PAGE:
Mastercard aims to bring 1 billion people, 50 million MSMEs into digital economy
In SEA, Mastercard launches various programs to drive financial and digital inclusion in secular and community markets.
Mastercard has committed to bringing a billion people and 50 million micro, small, and medium enterprises (MSMEs) into the digital economy by 2025, a global goal that is not without challenges, particularly among entrepreneurs in Southeast Asia.
“If you recall, in 2015, we committed to bring 500 million excluded individuals into the digital economy; and we achieved that goal,” Safdar Khan, division president for Southeast Asia at Mastercard, told Asian Banking & Finance.
Khan said that achievement, although monumental, might not be enough in addressing the digital divide and expressed optimism about reaching their 2025 target.
“Our commitment of bringing one billion people and 50 million micro and small businesses to the digital economy by 2025 is moving at a really fast pace… I will say that we are already well into getting to that,” he said.
In Southeast Asia, Khan revealed that the pandemic has accelerated digital transformation with particularly high growth in markets like Indonesia, Vietnam, Thailand, the Philippines, and Malaysia.
However, he also highlighted the unique challenges entrepreneurs, especially women, face in Southeast Asia and emphasized the importance of including unbanked and underbanked populations, who lack access to the internet and relevant resources.
As a remedy, Mastercard has been focusing on driving financial and digital inclusion in Southeast Asia. “We see a lot of opportunities for growth in these markets. And at the same time, we see a huge opportunity for more to be done for the community, small businesses and individuals alike,” said Khan.
One of the company’s initiatives includes programs focusing on financial literacy in Bangladesh, China, India, Indonesia, Nepal, the Philippines, Singapore, and Vietnam. These programs aim to provide the necessary knowledge and resources for people to make the most of the digital world and to ensure that nobody is left behind in the rapidly changing digital landscape.
Women and communities
Mastercard is also targeting to help 25 million women entrepreneurs grow their businesses, as they often face income, digital, and information inequality.
Khan explained that women seeking to achieve economic empowerment face three major obstacles: income inequality, digital inequality, and information inequality. These challenges have been exacerbated by the pandemic, which has led to job losses and a greater digital divide between men and women.
To address these issues, Mastercard has implemented the Girls4Tech program, which has reached 1.7 million girls in 46 countries, including Indonesia, Singapore, and Malaysia. This program is designed to inspire young girls to build STEM skills and aims to educate 5 million girls in technology, cybersecurity, and artificial intelligence by 2025.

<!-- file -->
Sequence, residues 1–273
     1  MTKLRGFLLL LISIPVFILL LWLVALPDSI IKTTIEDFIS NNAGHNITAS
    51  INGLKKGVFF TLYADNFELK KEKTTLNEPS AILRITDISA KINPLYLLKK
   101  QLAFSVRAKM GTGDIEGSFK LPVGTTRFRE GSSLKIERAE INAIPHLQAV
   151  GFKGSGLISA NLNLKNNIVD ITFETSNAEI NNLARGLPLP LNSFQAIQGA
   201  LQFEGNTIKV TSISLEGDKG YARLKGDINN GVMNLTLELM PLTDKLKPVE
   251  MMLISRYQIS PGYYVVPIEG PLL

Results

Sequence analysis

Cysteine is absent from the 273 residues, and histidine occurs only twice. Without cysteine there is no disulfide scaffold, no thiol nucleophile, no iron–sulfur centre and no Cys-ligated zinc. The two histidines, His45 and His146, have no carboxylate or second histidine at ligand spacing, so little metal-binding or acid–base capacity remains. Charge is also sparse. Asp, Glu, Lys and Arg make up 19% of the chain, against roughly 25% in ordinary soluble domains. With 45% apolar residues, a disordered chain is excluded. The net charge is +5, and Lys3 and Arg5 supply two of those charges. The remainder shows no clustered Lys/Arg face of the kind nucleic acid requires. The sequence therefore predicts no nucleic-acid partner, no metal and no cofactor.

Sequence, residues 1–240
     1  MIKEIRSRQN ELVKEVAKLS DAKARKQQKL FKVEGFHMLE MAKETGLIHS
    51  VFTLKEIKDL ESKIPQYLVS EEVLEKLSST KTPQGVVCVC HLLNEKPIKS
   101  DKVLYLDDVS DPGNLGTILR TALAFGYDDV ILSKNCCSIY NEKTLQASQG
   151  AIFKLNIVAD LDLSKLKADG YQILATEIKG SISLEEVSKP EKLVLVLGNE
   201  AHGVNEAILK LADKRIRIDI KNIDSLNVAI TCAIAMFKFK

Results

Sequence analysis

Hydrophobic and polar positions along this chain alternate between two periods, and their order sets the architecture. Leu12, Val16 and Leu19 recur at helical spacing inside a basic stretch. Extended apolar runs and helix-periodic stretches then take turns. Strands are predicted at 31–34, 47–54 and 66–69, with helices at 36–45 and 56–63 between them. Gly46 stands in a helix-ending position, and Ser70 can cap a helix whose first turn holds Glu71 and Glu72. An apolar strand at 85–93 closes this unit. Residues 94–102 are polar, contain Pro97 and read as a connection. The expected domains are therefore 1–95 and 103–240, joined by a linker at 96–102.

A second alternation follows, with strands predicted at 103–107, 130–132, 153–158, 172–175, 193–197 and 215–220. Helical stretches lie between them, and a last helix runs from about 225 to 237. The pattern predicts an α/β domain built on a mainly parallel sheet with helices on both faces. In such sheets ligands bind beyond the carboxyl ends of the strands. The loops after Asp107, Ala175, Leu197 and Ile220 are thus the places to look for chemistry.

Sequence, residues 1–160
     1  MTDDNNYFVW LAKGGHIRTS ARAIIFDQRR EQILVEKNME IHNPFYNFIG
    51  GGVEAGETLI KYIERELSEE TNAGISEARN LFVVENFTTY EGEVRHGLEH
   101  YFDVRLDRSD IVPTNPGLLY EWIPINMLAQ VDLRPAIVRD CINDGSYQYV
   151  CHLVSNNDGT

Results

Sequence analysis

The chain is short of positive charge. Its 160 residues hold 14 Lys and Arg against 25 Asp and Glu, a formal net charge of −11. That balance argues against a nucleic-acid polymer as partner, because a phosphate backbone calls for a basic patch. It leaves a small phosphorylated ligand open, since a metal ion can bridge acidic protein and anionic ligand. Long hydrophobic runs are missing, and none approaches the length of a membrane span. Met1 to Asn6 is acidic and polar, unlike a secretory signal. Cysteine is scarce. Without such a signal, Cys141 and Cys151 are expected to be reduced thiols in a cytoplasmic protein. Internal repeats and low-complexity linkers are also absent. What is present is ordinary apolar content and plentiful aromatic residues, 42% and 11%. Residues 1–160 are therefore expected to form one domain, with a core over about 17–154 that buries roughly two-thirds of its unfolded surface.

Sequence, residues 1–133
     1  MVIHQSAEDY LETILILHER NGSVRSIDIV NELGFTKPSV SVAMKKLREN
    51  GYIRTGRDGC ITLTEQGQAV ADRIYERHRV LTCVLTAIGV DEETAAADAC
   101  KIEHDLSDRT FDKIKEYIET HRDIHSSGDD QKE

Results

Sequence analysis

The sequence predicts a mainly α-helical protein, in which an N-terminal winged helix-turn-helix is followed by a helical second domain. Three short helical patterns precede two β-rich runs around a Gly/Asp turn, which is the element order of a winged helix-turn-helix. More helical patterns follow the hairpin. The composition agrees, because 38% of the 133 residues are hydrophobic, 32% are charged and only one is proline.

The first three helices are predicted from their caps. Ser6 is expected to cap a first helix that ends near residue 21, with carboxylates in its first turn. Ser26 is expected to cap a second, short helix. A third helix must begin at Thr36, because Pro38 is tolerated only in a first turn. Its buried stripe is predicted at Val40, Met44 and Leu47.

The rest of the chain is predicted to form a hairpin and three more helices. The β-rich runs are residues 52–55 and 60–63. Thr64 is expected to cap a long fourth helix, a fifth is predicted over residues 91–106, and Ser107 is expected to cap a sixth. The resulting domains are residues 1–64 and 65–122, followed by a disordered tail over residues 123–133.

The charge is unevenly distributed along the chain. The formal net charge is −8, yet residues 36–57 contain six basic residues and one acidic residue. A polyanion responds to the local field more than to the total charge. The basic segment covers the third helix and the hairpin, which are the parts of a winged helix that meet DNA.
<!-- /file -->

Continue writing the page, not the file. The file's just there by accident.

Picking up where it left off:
Through these efforts, Mastercard hopes to empower women entrepreneurs and support women-owned businesses worldwide.
Together with Indonesian National Council for Financial Inclusion and Mercy Corps Indonesia, Mastercard launched Mastercard Strive Indonesia, a three-year initiative to empower 300,000 Indonesian small businesses to succeed in the digital economy.
This program aims to address the challenges faced by small businesses, such as access to capital, digital growth, and network expansion. “This was done in conjunction with the Indonesian National Council for Financial Inclusion and Mercy Corps,” said Khan.
By working together with key partners and activating public-private partnerships, Mastercard believes that this program can significantly impact the Indonesian small business community.
Furthermore, the Mastercard Academy 2.0 program, launched in 2019, has already exceeded its target by reaching more than 160,000 Indonesians, equipping them with digital skills to thrive in the country’s digital transformation journey.
The program consists of three workstreams: science, technology, engineering, and math (STEM) education using the Girls4Tech curriculum for school-aged girls; cybersecurity training and certification for vocational students; and digital business mentoring for micro, small, and medium enterprise entrepreneurs and mid-career professionals.
Khan also highlighted Mastercard’s collaboration with Bank Commonwealth and Mercy Corps in Indonesia on a microcredit program for MSMEs. This program has already reached 60,000 MSMEs and 20,000 volunteer mentors, demonstrating the potential impact of capacity building, scaling, and access to capital on small business growth.